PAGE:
The Swiss Cheese Union may have been founded to aid homegrown cheese, but was growing into “a hyper-focused, highly marketable national selection at the expense of erasing the identity of local and regionally prolific dairies,” says cheese educator and Certified Cheese Professional Caitlin O’Neill.

For cheesemakers who could fall in line and crank out what was required, however, the benefits were vast. There were guaranteed customers and margins, and if revenues fell short the government (read: taxpayers) made up the difference. Approved cheeses were marked with the seal of the Swiss Cheese Union, which the marketing arm of the organization pushed to be seen as the ultimate marker of quality and consistency.

Every powerful organization needs an approachable emissary, and the Swiss Cheese Union found its in fondue. In the 1930s, the union declared fondue — a bowl of melted Emmentaler and Gruyère, or two of the three allowed cheeses — the national dish of Switzerland. To the modern eater, that may not sound shocking. At the time, it was. It was as if all members of the U.S. shrimp industry had organized, and, with government support, successfully named gumbo the quintessential American meal. What had previously been a regional specialty was suddenly pushed into the spotlight.

Within 30 years, the Swiss Cheese Union had opened an American arm called the Switzerland Cheese Association, whose offices opened on Hudson Street in New York City, then quickly moved to Madison Avenue. At the 1964 New York World’s Fair, Switzerland presented fondue as its national dish.

The union reportedly “purchased cases of fondue pots, burners and fondue forks and sent them to various military regiments or, upon request, to event organizers throughout the country,” Isabelle Raboud-Schuele, fondue expert and former Bulle Gruyère Museum and Library director, writes in the blog Swisster. They started advertising campaigns featuring beautiful blond people eating the “healthy food from the Alps” and proclaiming the social, warming appeal of fondue both throughout Switzerland and the U.S. A slogan, “fondue puts us in a good mood,” soon became an everyday Swiss expression, Raboud-Schuele explains.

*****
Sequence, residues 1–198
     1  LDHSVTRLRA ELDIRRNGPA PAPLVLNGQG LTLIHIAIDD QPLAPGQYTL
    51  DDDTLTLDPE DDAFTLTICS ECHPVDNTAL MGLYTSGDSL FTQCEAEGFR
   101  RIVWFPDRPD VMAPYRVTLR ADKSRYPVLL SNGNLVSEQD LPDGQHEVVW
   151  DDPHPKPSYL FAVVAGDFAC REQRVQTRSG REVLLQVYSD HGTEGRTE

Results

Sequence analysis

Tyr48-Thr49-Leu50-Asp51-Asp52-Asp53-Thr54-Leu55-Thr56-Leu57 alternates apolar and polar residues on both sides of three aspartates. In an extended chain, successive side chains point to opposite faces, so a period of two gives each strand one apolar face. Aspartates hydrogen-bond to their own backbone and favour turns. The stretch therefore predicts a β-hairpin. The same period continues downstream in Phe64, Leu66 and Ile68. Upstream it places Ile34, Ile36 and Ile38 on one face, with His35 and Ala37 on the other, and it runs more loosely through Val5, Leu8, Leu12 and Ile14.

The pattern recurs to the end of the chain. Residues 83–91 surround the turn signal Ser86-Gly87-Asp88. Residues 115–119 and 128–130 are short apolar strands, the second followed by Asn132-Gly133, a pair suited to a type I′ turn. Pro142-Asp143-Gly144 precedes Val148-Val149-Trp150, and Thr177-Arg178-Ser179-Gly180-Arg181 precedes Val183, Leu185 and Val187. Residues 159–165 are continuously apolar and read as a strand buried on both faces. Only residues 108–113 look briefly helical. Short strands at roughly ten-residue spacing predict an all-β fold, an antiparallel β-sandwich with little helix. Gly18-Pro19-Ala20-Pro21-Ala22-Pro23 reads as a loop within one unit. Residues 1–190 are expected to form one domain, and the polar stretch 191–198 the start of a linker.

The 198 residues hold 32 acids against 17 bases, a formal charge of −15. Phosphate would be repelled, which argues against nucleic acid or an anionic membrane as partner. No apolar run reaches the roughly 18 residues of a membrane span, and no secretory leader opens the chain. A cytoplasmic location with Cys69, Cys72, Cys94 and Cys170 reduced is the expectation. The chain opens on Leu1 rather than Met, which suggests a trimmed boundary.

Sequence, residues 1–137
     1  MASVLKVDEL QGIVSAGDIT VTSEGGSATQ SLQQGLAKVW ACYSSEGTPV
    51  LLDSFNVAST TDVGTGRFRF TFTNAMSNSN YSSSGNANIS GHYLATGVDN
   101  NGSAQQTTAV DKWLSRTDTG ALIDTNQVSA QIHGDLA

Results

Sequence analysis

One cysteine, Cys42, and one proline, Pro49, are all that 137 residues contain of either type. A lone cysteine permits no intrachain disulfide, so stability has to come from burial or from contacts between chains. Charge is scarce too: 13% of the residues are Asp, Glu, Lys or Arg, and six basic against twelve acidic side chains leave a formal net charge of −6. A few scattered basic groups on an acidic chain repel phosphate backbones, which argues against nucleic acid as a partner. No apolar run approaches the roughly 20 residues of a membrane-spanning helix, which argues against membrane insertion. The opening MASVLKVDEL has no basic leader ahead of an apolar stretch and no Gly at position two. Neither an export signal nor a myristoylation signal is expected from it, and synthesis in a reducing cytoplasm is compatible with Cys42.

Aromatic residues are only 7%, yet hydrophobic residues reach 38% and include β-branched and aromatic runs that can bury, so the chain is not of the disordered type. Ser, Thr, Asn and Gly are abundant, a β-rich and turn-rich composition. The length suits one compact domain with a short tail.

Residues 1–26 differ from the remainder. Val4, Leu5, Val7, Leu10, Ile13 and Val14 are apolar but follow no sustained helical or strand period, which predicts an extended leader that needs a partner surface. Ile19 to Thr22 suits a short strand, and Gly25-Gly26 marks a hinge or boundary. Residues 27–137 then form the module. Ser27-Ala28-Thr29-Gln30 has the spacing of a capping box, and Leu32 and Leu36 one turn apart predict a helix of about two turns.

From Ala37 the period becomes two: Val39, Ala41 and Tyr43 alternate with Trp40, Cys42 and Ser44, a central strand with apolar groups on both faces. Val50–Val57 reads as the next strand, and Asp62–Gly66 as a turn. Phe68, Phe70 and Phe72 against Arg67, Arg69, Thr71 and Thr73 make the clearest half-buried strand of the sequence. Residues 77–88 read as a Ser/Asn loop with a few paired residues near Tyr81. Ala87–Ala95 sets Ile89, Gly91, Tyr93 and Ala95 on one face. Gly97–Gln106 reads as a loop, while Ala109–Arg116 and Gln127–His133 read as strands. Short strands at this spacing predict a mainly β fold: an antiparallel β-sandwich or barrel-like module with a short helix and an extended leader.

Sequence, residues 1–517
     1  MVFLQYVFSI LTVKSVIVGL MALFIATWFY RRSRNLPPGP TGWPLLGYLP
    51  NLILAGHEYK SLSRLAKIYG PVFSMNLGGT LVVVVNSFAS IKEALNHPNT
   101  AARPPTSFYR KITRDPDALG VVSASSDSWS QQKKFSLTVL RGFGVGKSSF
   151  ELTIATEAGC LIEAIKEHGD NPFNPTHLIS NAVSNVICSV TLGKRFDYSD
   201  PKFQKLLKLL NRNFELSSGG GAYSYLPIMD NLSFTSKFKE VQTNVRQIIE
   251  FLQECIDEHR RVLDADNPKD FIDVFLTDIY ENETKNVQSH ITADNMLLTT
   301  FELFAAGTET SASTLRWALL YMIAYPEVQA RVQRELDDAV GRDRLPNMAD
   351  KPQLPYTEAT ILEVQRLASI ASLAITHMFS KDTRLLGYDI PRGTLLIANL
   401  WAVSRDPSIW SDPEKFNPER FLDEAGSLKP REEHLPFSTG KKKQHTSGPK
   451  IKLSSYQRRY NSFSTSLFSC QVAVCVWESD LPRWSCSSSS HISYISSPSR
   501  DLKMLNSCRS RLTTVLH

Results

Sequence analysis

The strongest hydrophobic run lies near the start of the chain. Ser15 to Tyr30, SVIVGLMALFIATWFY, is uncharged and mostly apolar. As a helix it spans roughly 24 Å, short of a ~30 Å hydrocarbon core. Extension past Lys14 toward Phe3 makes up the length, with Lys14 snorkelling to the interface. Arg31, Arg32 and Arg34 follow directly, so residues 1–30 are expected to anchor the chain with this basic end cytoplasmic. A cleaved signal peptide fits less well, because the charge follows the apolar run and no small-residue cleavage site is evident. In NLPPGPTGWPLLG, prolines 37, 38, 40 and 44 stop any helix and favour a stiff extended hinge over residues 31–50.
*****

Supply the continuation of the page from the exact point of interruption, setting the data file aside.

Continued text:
“By the 1970s, we were in a period of peak fondue,” writes NPR journalist Robert Smith. If your parents or grandparents have an old, rusting fondue pot in the attic, you now know who to blame: the Swiss Cheese Union.

Not all was well in the Swiss cheese game, though. In the 1960s and ’70s, milk subsidies cost Switzerland more than the entire Swiss Army. Rumors of corruption spread.

The Swiss Cheese Union was officially investigated in 1996, shortly after it sponsored the Swiss National Ski Team (complete with terribly cheesy ski suits). A “Swiss Cheese Scandal” broke, complete with a World Trade Organization press release calling the organization, among other things, a cartel. A former manager of the organization was arrested for involvement in a kickback scheme. The Swiss government pulled its funding of the union and, after 85 years, the Swiss Cheese Union collapsed in 1999.

In the ensuing years, while official dairy subsidies continue, competition has increased among Swiss cheesemakers. This has dropped prices, of course, but it’s also brought about something of a cheese renaissance in Switzerland, with new cheeses like Challerhocker and Scharfe Maxx from old cheesemaking families. Ask a cheesemonger about their favorite cheese from Switzerland and you’ll be met with a smile — and an earful about Alpine terroir, the process of “alpage,” or leading cows up the mountains to graze in the summer, and maybe a favorite fondue recipe (which has outlasted its shady champions).

“At long last,” writes author Janet Fletcher, “we are getting a broader view of the country’s cheesemaking talent.”